Understanding Pay-Ratio Disclosures

Disclosure of the ratio of CEO’s annual compensation to that of median employees is a requirement for certain public companies as of 2018. The requirement gives leeway in the calculation, allowing ratios to vary greatly even within the same industry. Because of the ambiguity of ratio disclosure, investors and public companies should use caution when evaluating companies based on ratio disclosures.

The Rule

All U.S. public companies that are required to provide Summary Compensation Table disclosures are subject to the ratio disclosure rule. Pay ratios must be disclosed by covered companies in several facets including annual reports, on Form 10-K, in proxy and information statements, and in registration statements (if these filings require executive compensation disclosures).

The following companies are exempt from the ratio disclosure rule:

Emerging growth companies (EGCs), Smaller reporting companies (SRCs), registered investment companies, foreign private issuers, and Canadian companies filing in the United States pursuant to the Multijurisdictional Disclosure System.


To ease the burden of compliance with the pay ratio disclosure rule, the SEC gives significant flexibility in calculating pay ratios. Companies can choose a process that works best for their business model as long as the methodology used in determining the median employee pay, and the estimates used in calculating the pay ratio are disclosed.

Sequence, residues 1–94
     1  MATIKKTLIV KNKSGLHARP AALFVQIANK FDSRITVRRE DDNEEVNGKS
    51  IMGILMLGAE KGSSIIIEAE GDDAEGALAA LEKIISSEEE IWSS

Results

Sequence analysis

One methodology could be a using only base salary or W-2 wages, which would exclude computations bonuses, overtime, stock options, and other forms of compensation to determine ratios. Or, they could use a statistically representative sample of their workforce rather than the entire population.

When identifying the median compensation, the SEC allows the use of “reasonable estimates,” rather than exact calculation. This rule also allows companies to exclude 5% of their non-US workers and to adjust foreign pay to account for differences in the cost of living between regions.

The leeway offered to companies for pay-ratio disclosures lead to the initial round of disclosures in early 2018 to vary widely. For example, according to one study, ratios disclosed by companies in the financial service industry ranged from 1:1 to 1:429.

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When evaluating a company for pay ratios, it is important to take the full picture of their disclosures into consideration. The methodology used to calculate the ratios might change the significance of their results. We can answer any questions you may have about pay-ratio disclosures and processes, you can contact us at 818-334-8631 or click here, and we will contact you.

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